Rebulding History

An exclusive five-home subdivision near Calgary is built from reclaimed timber, combined with the latest energy-saving products and techniques.

Written by: Connie Adair
Photos by: Jason Stang

In the 1980s, Douglas Stevens saw an episode of This Old Housethat would change his life. “I’m a history and old stuff nut,” says Stevens, president of Kings Barnes Developments Ltd.

“Ever since I saw Bob Vila renovating an old barn in Massachusetts on This Old House, I was hooked. I love the way the timber frame creates the warmth of a wood home without being as overpowering as a log structure. The character of the hand-hewn beams is the icing on the cake.”

For his latest endeavour, Stevens looked at almost 50 properties in the foothills west of Calgary before choosing a treed 35-acre lot for an upscale subdivision of five homes.

The topography and character of the lots had to be just right for the Kenilworth Barnes development,
which will consist of five reclaimed historic buildings. The buildings have footprints ranging from 1,100 to more than 4,000 square feet, and buyers can decide how much loft space to create on the second and third levels.

“The goal is to have each house different than the rest,” says Stevens. They are priced from $750,000 to almost $2 million. The two-storey model home, with 3,465 square feet of living space, plus a 1,900-square-foot walkout basement, took almost 18 months to build. Depending on the level of detail, it could take up to
two years to build each of the other houses, he says. The timbers used in the model home’s construction
are from a barn in Lebanon County, Wisconsin. The timbers were cut down 155 years ago from trees ranging from 250 to 400 years old. “They were acorns sprouting when Columbus sailed over on the Santa Maria,” Stevens says.

The Zupke/Witte Barn was named for the two families who owned the land and barn since it was built. Census records show that Frederick Witte emigrated from Prussia some time between the birth of his son William in 1947 (in Prussia), and son Herman in 1852 (in Wisconsin). The barn would have been built before the house, around 1850, Stevens says.

The old-growth oak, hand-hewn timber frame barn was carefully documented, drawn, and the components were numbered before being dismantled and shipped to Calgary. “Some structural changes were needed for new local codes, but the footprint and shell remain as it was originally built 156 years ago,” says Stevens.

The company’s goal is to preserve heritage/antique buildings that would otherwise be lost to progress, to
build energy-efficient homes, and to offer timeless designs and those that are historically accurate. The timber frame is surrounded by insulated panels that also act as a sound barrier, and the home has a radiant heating system. Recycled and reclaimed features include fir flooring, recycled multi-species random roof decking, reclaimed cast-iron bathtubs and an original Victorian castiron fireplace surround.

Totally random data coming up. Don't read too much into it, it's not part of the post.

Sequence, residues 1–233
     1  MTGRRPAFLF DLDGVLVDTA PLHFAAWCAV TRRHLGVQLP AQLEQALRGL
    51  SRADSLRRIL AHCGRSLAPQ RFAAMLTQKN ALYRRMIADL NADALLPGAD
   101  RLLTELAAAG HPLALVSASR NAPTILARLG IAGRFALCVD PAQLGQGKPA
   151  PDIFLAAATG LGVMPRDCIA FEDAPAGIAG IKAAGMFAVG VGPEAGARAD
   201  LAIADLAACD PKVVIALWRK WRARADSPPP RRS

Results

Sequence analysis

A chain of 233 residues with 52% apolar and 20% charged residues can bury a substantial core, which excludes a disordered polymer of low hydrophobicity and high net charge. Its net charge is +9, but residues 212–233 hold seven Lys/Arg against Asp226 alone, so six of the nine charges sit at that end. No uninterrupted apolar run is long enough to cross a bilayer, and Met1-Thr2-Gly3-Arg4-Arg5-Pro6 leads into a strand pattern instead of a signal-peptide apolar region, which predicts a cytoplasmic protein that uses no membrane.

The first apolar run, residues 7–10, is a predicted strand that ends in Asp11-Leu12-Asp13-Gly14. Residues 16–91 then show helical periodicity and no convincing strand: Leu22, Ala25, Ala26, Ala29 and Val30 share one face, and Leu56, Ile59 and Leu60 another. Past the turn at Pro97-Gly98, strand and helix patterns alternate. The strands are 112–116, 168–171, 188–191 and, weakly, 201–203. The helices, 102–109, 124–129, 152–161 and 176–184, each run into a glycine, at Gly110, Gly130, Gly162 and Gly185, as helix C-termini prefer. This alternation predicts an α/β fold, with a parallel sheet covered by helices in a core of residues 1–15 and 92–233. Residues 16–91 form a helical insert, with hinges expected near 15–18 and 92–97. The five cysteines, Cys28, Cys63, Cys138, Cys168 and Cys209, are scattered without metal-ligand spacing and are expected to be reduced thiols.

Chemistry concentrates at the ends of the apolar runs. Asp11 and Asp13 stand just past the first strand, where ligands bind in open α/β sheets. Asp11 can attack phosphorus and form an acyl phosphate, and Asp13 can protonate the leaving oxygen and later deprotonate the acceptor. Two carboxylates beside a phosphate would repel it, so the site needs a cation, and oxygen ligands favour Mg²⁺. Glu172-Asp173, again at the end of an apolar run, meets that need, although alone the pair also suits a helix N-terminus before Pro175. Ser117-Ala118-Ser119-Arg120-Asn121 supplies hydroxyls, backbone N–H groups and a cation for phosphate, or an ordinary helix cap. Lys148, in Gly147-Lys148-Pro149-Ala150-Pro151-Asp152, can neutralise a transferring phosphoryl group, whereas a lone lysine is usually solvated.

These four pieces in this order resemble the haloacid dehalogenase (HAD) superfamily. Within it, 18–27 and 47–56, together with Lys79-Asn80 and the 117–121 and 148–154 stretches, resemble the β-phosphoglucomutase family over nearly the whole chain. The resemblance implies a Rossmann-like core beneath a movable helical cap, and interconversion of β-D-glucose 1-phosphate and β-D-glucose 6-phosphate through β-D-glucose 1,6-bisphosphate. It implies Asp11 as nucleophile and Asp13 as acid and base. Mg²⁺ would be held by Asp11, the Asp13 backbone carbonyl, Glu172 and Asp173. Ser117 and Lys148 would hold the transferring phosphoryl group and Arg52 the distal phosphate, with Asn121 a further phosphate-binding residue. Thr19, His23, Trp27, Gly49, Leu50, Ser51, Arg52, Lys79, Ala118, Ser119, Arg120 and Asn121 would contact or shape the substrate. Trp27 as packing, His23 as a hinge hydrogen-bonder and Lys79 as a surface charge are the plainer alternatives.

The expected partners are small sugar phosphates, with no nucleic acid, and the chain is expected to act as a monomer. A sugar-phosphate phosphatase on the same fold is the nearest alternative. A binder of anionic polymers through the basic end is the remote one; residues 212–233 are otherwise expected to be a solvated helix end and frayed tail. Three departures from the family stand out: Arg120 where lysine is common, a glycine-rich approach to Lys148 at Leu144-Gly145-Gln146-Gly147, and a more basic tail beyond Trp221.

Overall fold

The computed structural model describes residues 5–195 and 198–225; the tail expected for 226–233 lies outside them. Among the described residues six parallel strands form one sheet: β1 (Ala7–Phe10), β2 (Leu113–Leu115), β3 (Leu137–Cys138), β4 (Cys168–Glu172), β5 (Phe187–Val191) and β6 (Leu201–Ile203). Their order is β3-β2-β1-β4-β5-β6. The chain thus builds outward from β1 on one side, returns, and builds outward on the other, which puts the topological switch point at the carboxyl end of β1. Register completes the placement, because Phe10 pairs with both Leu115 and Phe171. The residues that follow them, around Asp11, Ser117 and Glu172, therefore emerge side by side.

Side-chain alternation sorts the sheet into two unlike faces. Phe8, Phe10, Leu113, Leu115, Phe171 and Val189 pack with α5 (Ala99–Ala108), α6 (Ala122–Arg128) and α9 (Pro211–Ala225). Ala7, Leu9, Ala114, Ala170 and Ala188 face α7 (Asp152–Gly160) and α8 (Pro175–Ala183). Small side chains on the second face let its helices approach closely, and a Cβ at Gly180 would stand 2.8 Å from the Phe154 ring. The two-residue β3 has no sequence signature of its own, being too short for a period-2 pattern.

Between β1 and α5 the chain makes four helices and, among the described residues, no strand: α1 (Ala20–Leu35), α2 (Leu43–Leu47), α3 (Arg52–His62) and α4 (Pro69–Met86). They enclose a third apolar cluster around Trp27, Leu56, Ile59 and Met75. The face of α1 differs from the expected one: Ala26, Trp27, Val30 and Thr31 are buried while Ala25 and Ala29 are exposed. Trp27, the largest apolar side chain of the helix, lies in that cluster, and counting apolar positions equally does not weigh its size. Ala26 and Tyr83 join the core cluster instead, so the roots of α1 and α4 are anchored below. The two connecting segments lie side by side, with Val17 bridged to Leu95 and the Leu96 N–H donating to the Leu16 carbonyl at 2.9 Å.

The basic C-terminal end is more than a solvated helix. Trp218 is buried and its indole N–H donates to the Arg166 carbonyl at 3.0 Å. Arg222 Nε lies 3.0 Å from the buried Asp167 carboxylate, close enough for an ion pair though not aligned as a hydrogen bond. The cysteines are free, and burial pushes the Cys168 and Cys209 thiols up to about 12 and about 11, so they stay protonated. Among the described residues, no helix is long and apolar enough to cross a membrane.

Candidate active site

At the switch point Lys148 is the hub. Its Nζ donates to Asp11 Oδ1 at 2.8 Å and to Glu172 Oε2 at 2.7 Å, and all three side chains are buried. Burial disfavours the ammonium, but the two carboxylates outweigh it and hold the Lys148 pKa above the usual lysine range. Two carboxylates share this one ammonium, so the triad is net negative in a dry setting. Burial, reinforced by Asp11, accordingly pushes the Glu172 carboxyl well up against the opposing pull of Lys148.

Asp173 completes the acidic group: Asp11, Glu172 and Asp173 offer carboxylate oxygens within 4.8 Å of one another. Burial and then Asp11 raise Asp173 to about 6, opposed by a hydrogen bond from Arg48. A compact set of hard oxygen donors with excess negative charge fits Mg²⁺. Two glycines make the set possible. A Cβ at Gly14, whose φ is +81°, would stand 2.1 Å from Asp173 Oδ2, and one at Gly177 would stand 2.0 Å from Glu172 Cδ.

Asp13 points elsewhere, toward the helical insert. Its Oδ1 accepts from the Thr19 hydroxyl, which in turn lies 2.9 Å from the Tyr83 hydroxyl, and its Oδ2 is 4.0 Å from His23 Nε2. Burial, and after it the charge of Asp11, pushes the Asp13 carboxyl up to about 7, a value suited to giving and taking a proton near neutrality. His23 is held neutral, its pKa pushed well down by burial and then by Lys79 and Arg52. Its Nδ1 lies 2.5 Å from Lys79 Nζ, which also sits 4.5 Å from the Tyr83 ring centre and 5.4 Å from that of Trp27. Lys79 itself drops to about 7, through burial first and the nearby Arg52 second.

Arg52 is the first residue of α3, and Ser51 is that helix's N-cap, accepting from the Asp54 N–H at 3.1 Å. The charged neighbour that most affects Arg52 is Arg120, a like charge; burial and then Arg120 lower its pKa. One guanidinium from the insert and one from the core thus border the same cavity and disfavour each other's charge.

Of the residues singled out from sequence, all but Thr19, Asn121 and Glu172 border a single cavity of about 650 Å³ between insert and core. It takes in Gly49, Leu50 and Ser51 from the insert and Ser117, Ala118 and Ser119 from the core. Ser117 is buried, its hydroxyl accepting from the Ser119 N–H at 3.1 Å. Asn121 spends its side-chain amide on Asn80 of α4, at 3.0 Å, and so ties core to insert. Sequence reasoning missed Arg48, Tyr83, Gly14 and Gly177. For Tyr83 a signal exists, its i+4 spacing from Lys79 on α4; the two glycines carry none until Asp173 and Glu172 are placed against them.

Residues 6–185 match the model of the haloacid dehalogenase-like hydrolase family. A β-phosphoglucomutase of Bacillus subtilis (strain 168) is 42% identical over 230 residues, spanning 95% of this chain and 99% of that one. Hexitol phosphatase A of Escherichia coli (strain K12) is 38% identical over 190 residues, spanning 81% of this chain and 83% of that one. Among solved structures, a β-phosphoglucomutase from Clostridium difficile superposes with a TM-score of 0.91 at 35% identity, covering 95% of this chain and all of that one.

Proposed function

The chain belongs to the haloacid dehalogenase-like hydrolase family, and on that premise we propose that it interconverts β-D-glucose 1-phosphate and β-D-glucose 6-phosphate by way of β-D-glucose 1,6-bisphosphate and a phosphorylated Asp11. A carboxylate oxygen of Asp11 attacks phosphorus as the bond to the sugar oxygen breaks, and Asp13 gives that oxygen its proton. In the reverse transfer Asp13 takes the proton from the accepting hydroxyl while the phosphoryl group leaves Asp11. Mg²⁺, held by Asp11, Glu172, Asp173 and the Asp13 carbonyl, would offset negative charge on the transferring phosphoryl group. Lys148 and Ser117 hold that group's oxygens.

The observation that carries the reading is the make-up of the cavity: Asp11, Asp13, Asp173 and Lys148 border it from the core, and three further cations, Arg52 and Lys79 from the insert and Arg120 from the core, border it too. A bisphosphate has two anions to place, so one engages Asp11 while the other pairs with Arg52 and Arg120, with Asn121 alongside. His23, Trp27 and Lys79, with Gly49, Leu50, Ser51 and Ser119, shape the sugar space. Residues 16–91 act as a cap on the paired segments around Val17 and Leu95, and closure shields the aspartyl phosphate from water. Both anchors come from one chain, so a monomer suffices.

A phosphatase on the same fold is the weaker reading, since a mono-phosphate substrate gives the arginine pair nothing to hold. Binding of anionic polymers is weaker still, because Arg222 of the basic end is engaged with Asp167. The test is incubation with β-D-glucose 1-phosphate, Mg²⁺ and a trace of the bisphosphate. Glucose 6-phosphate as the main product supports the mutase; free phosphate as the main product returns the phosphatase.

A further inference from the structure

The three-bedroom, four-bathroom home has twotoned plaster walls to lend an aging mottled look. The kitchen has custom cabinets, granite counters that are more than 15 feet long and a walkout to a balcony.

There’s also a formal dining room, a den and a library. The master suite has a fireplace, views of the grounds, walk-in closets and cathedral ceilings. Stevens’ favourite feature of the home is the timber frame. “I like how we have made the exterior look like an actual barn. When people come into the foyer and see the huge open space, they are always blown away,” he says.

His favourite “room” is an 800 square foot back deck. “We watch the deer and moose go across the meadow. We sit out there in the winter, having a morning coffee and watching the sun come up. It really makes you feel connected to nature,” he says.

Building energy efficient, historically sensitive homes with green methods and recycled materials is a company goal, but Stevens says that, “Green does not preclude pleasing aesthetics.”

Stevens is applying for LEED (Leadership in Energy and Environmental Design) certification for the home, which offers a high-efficiency European heating and air handling system, low-e windows, and water and energy-efficient appliances. LEED is a voluntary, national standard for high-performance, sustainable buildings. It recognizes achievements and promotes expertise in green building through a comprehensive system offering project certification, professional accreditation, training and practical resources.

The property also offers a 21⁄2-car carriage house with an attached one-bay carport, plus a 750-squarefoot
suite/office over the carriage house. All of the lots have conifer and deciduous trees and are designed so none of the houses are visible from the other. A 1.25-mile walking path surrounds the fenced perimeter and makes its way through three acres of environmental reserve that is part of the subdivision.

The homes are less than an hour from downtown Calgary and about 80 minutes from Banff National Park.